Well, this is it. Tomorrow is the big day. Kindergarten. The day we have been working toward and preparing for for so long is finally here.
I know in my last blog post I said that I was OK. That even though I was thinking about his first day, my anxiety wasn't consuming me. Well, as of a few days ago, it started to consume me. Insomnia (my old friend). Mini crying spells in the middle of the day. More crying at night. Constant stress and anxiety throughout the day with all the "what-ifs" going through my head. It's just so hard sometimes--the struggle between knowing that I have to give him a chance to do everything that any other kid would do, but at the same time wanting to protect him and keep him safe.
When you have a child with special needs, sometimes you forget how "different" they are until you see them around a large group of "typical" children. Curtis hasn't been in school for a few months so I really kind of forgot how he stacked up to other kindergarten-aged kids. On Friday, his school had a pre-arranged kindergarten play date. They do this every year on the Friday before school starts, which is the day the kids get their teacher assignments. It's a chance for the kids and parents to hang out and say hello before the first day of school. Curtis was excited to go see a few friends of his, and the park where the play date is always held is right around the corner from our house. Within the first 2 minutes of being there, I was reminded of how different Curtis is from other 5 and 6 year olds. These kids were running around. Jumping. Racing up the play structure and speeding down the slide--lightning fast! Up on a grass hill they were playing "duck, duck, goose" and Curtis sat down to join while I stood back and watched. He sat there in amazement (as did I) while these boys and girls ran so fast around that little circle. And I felt so sad. Curtis will never run like that. Or jump like those other kids, or go up and down the play structure so fast. In fact, he was so overwhelmed by it all that after the first few minutes he just wanted to go home. And I didn't blame him. Because I did, too, a little. All those kids moving so fast worried me. I kept thinking that if one of them bumped into Curtis he was going to fall down and cry. And then I thought, "What if that happens when he's at school and I'm not there to comfort him after he falls?" Ugh. Anxiety.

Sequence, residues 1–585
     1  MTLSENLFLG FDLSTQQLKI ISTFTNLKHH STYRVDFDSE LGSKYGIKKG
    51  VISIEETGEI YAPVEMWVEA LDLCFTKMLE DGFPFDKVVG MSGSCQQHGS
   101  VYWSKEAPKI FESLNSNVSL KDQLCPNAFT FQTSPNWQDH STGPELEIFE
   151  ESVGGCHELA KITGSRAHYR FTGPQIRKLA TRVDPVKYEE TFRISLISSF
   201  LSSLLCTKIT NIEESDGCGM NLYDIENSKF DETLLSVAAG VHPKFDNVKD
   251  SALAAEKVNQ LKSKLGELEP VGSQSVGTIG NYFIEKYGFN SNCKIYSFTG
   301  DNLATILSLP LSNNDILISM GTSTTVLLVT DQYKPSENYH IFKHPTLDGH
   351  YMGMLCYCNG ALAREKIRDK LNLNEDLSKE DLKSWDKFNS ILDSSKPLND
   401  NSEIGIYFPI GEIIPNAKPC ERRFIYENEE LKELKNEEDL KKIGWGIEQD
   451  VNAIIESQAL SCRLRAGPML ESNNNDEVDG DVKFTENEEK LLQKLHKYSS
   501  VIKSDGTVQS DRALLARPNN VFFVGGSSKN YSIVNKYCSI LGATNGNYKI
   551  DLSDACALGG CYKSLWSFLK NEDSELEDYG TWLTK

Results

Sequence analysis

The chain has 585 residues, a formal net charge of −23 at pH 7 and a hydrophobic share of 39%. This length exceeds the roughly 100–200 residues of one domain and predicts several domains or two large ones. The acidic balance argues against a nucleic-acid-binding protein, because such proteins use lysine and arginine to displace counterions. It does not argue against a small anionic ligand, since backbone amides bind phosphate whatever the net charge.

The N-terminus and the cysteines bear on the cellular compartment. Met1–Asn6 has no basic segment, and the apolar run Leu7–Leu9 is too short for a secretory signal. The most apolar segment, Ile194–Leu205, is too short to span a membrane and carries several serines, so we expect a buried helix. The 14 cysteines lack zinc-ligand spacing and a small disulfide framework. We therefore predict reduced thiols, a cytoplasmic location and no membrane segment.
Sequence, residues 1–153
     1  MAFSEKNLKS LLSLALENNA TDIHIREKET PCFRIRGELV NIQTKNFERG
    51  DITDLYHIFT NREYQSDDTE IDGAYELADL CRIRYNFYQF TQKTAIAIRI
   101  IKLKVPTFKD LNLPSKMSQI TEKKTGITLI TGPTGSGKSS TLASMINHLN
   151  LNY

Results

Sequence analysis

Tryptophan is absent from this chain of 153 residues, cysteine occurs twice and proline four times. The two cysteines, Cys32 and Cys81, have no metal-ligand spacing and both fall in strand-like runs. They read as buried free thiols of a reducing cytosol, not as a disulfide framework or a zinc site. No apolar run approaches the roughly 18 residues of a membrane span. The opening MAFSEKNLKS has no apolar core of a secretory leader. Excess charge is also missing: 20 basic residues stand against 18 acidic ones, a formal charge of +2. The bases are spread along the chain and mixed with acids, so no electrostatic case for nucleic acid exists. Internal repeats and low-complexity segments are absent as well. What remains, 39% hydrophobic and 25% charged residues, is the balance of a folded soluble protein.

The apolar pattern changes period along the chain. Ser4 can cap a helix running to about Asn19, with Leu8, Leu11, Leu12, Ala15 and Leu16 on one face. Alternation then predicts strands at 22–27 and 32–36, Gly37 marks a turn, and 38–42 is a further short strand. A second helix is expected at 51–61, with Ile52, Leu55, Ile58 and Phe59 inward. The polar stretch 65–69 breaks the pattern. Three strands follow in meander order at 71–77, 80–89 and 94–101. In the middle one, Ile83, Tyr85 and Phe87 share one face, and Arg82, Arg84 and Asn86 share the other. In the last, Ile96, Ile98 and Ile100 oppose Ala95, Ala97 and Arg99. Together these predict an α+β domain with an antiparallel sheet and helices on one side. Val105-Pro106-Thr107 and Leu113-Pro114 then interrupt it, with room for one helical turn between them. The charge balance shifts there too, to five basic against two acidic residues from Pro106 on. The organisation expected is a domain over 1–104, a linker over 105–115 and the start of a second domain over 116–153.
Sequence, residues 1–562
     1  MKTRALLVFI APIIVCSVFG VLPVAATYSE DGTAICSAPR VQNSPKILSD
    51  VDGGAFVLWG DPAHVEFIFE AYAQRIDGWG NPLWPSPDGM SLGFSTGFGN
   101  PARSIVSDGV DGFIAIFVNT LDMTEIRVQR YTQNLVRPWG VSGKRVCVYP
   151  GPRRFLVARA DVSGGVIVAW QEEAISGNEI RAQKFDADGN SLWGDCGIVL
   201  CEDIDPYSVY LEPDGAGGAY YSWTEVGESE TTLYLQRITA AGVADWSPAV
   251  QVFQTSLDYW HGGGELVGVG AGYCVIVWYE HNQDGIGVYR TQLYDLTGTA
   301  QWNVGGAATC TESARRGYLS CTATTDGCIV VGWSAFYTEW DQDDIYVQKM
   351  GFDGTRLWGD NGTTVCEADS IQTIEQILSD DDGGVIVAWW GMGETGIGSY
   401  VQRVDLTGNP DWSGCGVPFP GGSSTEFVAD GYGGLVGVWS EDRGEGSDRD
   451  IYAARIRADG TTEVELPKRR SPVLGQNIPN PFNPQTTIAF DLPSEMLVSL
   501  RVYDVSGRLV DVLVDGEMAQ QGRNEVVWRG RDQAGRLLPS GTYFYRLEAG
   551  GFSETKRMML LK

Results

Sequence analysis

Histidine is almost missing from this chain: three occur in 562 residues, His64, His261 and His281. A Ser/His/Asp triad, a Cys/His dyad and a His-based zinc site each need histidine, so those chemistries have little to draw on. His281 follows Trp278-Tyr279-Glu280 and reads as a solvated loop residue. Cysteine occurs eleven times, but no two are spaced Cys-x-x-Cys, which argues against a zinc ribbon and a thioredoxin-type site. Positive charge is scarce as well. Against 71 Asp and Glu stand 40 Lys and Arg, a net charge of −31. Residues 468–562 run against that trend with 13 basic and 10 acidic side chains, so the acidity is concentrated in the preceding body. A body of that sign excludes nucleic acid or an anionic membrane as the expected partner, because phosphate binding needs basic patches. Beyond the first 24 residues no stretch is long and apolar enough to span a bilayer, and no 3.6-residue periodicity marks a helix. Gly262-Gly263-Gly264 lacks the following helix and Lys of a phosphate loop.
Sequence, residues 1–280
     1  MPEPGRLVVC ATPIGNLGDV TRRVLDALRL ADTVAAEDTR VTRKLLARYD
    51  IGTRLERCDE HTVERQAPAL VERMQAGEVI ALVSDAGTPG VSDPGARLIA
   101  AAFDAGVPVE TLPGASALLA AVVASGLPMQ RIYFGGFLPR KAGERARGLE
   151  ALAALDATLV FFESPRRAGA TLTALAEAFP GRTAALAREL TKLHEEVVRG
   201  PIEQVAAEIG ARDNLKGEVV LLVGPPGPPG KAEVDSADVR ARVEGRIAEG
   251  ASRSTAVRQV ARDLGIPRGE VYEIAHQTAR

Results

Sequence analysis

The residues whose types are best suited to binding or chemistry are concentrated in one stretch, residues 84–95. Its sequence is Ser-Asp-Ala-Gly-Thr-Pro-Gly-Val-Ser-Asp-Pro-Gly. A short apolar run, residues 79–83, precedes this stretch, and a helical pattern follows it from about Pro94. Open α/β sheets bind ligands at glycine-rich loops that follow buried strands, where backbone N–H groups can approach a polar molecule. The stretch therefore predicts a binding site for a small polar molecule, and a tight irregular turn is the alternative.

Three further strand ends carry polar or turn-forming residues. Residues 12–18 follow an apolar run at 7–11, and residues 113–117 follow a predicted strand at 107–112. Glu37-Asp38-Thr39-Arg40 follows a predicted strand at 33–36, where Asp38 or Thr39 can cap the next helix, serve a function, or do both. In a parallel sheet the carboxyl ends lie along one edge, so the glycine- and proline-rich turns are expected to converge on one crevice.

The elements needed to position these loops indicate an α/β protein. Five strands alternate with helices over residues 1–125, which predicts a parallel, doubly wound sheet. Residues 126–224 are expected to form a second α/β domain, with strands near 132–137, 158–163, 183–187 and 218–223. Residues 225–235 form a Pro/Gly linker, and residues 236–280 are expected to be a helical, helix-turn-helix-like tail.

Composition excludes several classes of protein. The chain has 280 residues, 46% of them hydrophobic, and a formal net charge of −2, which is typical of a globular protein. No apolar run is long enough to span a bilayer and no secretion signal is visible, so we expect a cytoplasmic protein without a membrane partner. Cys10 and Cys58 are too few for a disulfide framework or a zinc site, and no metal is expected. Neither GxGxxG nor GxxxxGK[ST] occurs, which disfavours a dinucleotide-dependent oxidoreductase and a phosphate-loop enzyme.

So how does Curtis feel about school? He could not be more excited. When we went in last week for his little assessment at the school, he was disappointed to find out he wasn't staying there for the day.
Tonight, we got his new backpack--a Christmas present from last year (thanks Aunt Laura and Uncle Loyd)--and stuck it on the hook next to his big brother and big sister's backpacks. Yes, he has a crazy spiky backpack--and he loves it!!
Then he asked if we could get the lunchboxes out, so we did that, too. He's been wanting to get his lunchbox out and use it ever since it came in the mail about 3 weeks ago.
We also have his outfit all picked out and waiting. His big sister helped with that. I don't think Curtis really cares about that all too much--ha!
Also, to update on the post from last week for those of you who don't get the Facebook posts--Curtis' MRI came back the same as it was when he was a baby. Nothing new, which is good and what we all expected. His next neurology visit is in 4 months unless something happens before then (no thank you!) The neurologist wrote up Curtis' seizure action plan for school while we were there, too. Of course, while I believe the school staff is great, I really, really, really hope that plan never needs to go into effect.
This sweet boy of mine...
He is snoozin' up a storm tonight and ready to take on kindergarten tomorrow. Even with all my fears, I am so, so excited for him. He's been looking forward to being a big kid and going to his brother and sister's school for long. Now the day is here.
Good luck, lover! We are cheering for you!!